Cheap seats

This combines two posts from 4 and 5 September 2019.

Is it out of order to feel for the de-whipped Tories? Undoubtedly, some of them are getting a poor reward for a lifetime of service, though others only for a lifetime of being a grandson or three years of principled obstruction. Their defenestration leaves the Tories bridling at a purge more ruthless than anything attempted by Labour.

On the other hand, it looks like the polling data and focus groups are telling Boris that ruthlessness plays well in the cheap seats, which he hopes are sufficiently well occupied to get him home. YouGov’s most recent poll (fieldwork 2 and 3 September) shows the Government increasing its numbers from week to week, now up to 35%, hanging on to a lead of ten points over Labour, with the smaller parties getting squeezed. The poll also shows a marginal preference for no-deal over an extension; a pronounced aversion to another election (save in Scotland and among Labour voters and the very young); and a strongly preponderant view (particularly in Wales and the English provinces and among older voters and C2DEs) that British democracy is being disrespected by Remain rather than Leave politicians.


Let’s backtrack. At the beginning of the week, Blair made much of the elephant trap of an election which permits no deal during the campaigning period. That’s because remaining is more important to him than a Labour government, especially one under the current leader. Corbyn is understandably more worried about a process which bulldozes him into opposing the Brexit which over 60% of his seats voted for.

Early on the morning of 3 September, lawyers acting for the Government in the Scots courts disclosed paperwork to the litigants objecting to prorogation. The documents included a menu of options from legislative counsel, Nicky da Costa, sent on 15 August to the Prime Minister. He replied to approve prorogation, the following day sending her a handwritten note that it was no big deal as “the whole September session is a rigmarole to show the public that MPs are earning their crust”.

This tells us a couple of things: that as early as mid-August - possibly from the outset - Team Boris had given up on events altering Commons sentiment; and that they failed to anticipate the fury of the blow-back. So much for war-gaming. The parliamentary defeats of 4 and 5 September leave a sense that Boris has lost his way. He has no reason to blame Remainers for their stagey reluctance to accept his word. After all, this follows Cummings’ boast that an election couldn’t stop no-deal and Gove’s public failure to commit to obeying the law. Maybe these incidents were carelessness, maybe they were intended to ramp up the crisis. They have certainly done the latter.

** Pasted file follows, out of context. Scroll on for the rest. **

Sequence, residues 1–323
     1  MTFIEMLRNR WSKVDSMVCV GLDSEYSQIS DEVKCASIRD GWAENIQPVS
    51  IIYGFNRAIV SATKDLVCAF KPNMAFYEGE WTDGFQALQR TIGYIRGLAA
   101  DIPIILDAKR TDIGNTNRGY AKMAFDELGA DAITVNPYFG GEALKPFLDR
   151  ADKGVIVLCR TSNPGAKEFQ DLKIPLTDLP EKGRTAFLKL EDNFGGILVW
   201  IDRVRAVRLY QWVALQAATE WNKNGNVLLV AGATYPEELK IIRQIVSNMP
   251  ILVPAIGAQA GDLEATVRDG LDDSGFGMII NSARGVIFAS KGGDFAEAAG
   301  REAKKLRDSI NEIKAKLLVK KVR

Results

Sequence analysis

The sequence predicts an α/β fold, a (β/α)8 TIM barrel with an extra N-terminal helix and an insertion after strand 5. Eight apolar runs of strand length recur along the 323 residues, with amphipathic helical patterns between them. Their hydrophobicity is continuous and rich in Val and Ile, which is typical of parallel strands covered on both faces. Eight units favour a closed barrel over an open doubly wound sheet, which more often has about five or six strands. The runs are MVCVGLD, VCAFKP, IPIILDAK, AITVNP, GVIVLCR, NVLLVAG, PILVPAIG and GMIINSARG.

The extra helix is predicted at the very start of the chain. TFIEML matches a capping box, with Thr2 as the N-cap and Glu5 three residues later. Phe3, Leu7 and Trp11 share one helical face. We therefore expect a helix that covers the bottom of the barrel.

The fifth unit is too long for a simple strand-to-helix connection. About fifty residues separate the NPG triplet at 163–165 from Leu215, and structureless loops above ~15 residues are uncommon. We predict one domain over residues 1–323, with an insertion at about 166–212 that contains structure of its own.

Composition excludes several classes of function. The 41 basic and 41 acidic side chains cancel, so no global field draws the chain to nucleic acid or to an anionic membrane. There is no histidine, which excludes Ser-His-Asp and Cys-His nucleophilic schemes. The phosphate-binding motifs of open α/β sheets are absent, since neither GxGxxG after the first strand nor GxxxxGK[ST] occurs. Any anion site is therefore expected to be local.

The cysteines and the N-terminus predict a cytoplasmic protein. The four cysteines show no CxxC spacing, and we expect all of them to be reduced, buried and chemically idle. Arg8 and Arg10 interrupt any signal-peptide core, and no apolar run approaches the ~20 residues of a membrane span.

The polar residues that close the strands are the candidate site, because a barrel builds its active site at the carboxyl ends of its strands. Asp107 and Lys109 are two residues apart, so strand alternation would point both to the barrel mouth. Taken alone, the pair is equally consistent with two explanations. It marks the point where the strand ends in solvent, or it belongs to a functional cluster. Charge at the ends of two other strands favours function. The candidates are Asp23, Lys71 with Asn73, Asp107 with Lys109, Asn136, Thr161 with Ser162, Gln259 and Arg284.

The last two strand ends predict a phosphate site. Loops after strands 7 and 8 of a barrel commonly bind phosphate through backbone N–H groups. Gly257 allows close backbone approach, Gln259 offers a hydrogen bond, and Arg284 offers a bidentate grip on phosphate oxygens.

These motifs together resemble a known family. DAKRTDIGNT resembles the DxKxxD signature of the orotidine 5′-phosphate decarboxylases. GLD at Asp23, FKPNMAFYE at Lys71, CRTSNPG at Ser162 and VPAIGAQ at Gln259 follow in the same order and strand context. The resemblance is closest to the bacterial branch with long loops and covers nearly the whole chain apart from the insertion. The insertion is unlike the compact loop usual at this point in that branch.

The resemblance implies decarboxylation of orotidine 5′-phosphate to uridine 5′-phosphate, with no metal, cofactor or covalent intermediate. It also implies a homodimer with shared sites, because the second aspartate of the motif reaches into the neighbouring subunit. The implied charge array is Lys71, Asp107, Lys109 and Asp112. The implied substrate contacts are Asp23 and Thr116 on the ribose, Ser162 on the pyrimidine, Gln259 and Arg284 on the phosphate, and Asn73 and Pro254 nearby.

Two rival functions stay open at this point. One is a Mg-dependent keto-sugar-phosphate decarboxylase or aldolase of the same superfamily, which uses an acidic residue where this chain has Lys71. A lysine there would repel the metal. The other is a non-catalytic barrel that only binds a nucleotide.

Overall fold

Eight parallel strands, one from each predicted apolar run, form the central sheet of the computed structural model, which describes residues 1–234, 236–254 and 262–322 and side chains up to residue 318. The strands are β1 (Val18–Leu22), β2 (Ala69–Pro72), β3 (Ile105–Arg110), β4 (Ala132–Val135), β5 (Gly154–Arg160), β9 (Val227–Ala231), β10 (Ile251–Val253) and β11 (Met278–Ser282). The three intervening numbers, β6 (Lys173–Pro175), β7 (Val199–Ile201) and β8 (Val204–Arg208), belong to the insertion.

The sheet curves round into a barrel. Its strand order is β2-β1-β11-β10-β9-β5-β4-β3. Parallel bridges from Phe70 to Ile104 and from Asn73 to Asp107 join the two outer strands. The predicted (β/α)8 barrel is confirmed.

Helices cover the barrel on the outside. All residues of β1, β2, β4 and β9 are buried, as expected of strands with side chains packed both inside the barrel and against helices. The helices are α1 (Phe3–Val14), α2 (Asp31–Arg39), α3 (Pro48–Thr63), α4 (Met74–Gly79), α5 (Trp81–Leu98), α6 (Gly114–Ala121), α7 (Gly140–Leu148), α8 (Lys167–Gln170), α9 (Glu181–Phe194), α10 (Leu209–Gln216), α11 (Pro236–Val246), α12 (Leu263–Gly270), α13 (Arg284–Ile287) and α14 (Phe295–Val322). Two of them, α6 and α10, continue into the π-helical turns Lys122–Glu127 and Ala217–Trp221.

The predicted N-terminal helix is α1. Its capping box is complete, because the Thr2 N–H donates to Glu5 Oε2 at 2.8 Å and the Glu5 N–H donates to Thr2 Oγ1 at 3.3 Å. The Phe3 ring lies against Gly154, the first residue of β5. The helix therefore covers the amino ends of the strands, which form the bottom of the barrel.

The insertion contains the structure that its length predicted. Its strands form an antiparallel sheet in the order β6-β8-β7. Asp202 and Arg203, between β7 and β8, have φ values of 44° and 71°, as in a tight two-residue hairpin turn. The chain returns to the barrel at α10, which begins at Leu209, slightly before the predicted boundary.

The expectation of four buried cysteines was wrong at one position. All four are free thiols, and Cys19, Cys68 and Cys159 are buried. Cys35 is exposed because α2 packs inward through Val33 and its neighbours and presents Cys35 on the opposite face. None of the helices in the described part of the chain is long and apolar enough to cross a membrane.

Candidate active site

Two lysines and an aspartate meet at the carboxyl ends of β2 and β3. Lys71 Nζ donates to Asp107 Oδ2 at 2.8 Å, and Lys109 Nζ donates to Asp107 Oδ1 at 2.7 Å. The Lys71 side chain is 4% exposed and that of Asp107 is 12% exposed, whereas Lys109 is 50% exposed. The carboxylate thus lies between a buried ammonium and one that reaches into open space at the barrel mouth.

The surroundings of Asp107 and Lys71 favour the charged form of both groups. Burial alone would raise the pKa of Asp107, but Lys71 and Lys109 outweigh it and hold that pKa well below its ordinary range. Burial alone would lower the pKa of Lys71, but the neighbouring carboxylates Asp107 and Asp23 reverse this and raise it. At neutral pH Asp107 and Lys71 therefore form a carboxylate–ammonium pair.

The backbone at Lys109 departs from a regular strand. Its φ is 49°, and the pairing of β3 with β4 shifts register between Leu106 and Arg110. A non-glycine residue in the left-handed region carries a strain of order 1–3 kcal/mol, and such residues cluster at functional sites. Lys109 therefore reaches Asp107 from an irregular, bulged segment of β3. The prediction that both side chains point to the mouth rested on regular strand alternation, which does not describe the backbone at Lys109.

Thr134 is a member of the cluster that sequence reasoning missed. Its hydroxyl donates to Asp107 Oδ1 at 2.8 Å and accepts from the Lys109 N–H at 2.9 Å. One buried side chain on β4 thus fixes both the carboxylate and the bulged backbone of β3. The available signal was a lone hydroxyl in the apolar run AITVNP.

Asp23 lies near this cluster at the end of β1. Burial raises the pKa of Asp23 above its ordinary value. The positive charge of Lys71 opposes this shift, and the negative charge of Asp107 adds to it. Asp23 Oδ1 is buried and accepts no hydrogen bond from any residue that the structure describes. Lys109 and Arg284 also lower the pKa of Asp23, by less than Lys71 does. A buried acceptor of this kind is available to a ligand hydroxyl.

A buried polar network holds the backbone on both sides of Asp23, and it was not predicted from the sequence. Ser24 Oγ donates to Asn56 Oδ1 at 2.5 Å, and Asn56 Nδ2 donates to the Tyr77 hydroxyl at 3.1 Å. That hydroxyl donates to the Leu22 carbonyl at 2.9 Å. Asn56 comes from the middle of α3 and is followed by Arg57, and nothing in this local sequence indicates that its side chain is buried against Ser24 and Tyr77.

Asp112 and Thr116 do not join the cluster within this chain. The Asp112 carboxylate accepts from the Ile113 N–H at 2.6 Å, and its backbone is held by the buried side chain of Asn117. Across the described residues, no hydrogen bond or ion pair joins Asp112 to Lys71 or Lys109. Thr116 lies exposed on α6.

Even so, all Boris has to do is concede that an election campaign will not affect the Benn bill’s trigger-date and Corbyn will have little choice but to call for (actually permit) it. Then Boris is back on track, with the Benn Act serving as a quartering on his battle-standard. This will combine with goodies all round, together with selected commitments to please the political wonks, in the hope of also tripping up the opposition. Expect, for example, promises to enact the long-overdue constituency boundary changes, intended to wrong-foot Labour; and to repeal the Fixed-Term Parliaments Act, doing the same for the Lib Dems. If timing permits, it will make sense for Boris to campaign on either a reversion to the 31 October deadline; or - on the basis of keeping “no-deal” on the table - negotiating to the extended deadline following the enactment of the Benn bill. He will be relying on the electorate’s impatience, encouraged by the polling data. For the first time since the last election, Electoral Calculus is predicting an outright Tory majority, though this should be treated with caution as the site overestimated Tory seats last time round.


With an election close to inevitable, what of the famous £100m “government information programme” over the campaigning period? If the programme is suspended, it has the effect of cementing the loss of Boris’s 31 October deadline, whether he wins the election or not. If the programme is kept up, Remainers will be livid, claiming that the Government is stealing the vote and - should Boris be returned - enabling them to decline “loser’s consent” indefinitely. At best, this postpones any exercise to bind the nation’s wounds; at worst, it augurs more chaos. We may take it that the hard-edged style taken up by the Government stems from a judgement of what plays well in the one and nines. These provocations raise the stakes further: failure will discredit everyone associated with the play and sink HMS Brexit for a generation. Even success will leave a bad taste for as far forward as we can see.